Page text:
For RBC Wealth Management, the Federal Reserve does not have sufficient motivation to accelerate its projects in the field of CBDC. Visit central bank should therefore take its time and focus on an incremental approach.
According to the Bank for International Settlements, the majority of central bankers (93%) are today “engaged in some form of work” around central bank digital currencies.
However, projects are slow to materialize, particularly in the most developed economies. For analyst Atul Bhatia of Royal Bank of CanadaThere’s no doubt that central banks are making “slow progress” in the CBDC field.
A complement to existing systems rather than a revolution
Institutions are taking “small steps on a long road”, but not necessarily wrongly. In the expert’s view, there’s no need to hurry, given the complexity of these projects and the associated gains.
CBDCs should be seen as a complement to existing banking and payment systems. We see an evolution, not a revolution”, comments the RBC Wealth Management representative.
From the Federal Reservecentral bank’s digital currency is certainly not the only one. not a priority. Such a currency would also entail major risks, particularly for stability.
We think that having a single point of failure for dollar payments in a world that uses the greenback for all kinds of exchanges is, in a word, a very bad idea”, says Atul Bhatia.
A major cyber risk as an obstacle
The first danger would be that of cyberattack, from hackersbut also potentially ” terrorists or geopolitical rivals”. For the expert, “just a glance” at the history of digital security shows the risks linked to the centralization of data and wealth.
RBC believes that securing the IT systems needed for a successful CBDC retail or wholesale would represent a Herculean task for the Fed. The bank also sees digital currency as a privacy risk. What about the benefits?
Overall, we think it’s hard to make a strong theoretical case for adopting a CBDC infrastructure. The efficiency benefits are real and significant, but they simply cannot justify the creation of a single point of failure in the critical payment infrastructure,” RBC concludes.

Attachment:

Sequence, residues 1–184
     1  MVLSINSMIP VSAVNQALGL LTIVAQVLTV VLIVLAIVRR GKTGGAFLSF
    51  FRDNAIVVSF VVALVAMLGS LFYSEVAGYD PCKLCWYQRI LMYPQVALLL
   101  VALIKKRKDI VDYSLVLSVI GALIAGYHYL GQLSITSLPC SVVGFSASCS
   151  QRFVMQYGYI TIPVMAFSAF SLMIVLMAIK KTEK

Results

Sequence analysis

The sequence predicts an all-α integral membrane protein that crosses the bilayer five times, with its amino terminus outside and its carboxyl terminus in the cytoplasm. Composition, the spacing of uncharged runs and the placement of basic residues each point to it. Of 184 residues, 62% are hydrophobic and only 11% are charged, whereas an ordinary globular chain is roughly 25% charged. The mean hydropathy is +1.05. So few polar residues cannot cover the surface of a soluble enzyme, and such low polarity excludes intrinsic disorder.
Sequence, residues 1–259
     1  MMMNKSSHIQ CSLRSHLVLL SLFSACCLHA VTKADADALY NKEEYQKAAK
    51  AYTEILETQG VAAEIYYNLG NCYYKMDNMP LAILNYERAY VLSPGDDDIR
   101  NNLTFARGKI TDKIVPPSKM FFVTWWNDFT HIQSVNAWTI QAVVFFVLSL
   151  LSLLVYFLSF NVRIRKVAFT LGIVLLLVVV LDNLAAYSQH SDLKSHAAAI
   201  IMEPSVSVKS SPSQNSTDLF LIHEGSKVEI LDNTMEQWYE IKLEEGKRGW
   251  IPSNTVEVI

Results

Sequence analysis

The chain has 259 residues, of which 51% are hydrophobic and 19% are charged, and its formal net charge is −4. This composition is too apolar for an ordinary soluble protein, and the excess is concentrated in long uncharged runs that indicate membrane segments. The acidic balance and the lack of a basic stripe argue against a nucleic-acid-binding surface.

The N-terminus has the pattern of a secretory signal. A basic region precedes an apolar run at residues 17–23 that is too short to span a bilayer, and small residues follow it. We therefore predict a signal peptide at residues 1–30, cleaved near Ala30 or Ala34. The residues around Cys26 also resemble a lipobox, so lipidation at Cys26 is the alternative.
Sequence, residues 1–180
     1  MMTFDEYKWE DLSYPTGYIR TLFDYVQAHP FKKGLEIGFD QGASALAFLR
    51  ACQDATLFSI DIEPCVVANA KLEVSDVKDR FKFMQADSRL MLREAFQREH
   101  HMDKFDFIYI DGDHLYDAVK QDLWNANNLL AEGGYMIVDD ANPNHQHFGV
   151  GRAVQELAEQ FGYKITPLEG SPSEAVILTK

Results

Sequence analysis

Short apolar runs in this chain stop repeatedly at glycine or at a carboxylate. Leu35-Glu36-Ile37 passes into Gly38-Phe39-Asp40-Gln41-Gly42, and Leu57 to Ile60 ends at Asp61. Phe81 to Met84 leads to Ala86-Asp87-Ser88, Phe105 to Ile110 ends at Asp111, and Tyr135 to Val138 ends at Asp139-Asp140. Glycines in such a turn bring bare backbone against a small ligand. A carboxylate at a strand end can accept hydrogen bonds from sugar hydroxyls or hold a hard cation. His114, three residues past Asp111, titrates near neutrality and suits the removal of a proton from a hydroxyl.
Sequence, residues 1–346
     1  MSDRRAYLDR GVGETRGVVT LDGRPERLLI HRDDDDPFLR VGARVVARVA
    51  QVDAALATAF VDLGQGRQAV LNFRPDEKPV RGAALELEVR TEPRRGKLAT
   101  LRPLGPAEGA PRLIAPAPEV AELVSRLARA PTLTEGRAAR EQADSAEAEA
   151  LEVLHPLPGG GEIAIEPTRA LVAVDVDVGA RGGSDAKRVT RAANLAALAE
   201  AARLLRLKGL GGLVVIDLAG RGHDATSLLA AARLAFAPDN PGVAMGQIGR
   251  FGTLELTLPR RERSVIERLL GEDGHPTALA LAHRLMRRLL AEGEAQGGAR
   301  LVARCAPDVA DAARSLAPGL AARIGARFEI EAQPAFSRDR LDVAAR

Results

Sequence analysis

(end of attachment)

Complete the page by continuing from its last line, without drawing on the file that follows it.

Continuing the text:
The bank is therefore counting on the slow emergence of a digital dollar. And when it comes to financial innovation United States would show themselves to be, to say the least conservatives. An illustration? “They were one of the last countries to introduce smart credit cards.
The reluctance of the financial industry
But the United States remains the world’s largest user of paper cheques. This attachment would therefore be incompatible with the adoption of digital money wallets – at least on a cultural level.
On the other hand Fed has to contend with “strong reluctance on the part of current financial infrastructure players”, including the two largest U.S. credit card networks.
A CBDC could threaten their more than $50 billion in revenues. Mastercard and Visa are far from being inactive in this sector. The former, for example, has the CBDC Partner Program, in which ConsenSys, Fireblocks and Ripple, among others, participate.
For a variety of reasons, however, RBC believes that the adoption of digital currency will take place in the following ways incremental. And not just in the land of the greenback.
We believe the Fed and most other central banks will take a more measured approach, closely integrating technology to achieve efficiency, but operating in parallel with existing payment structures.”
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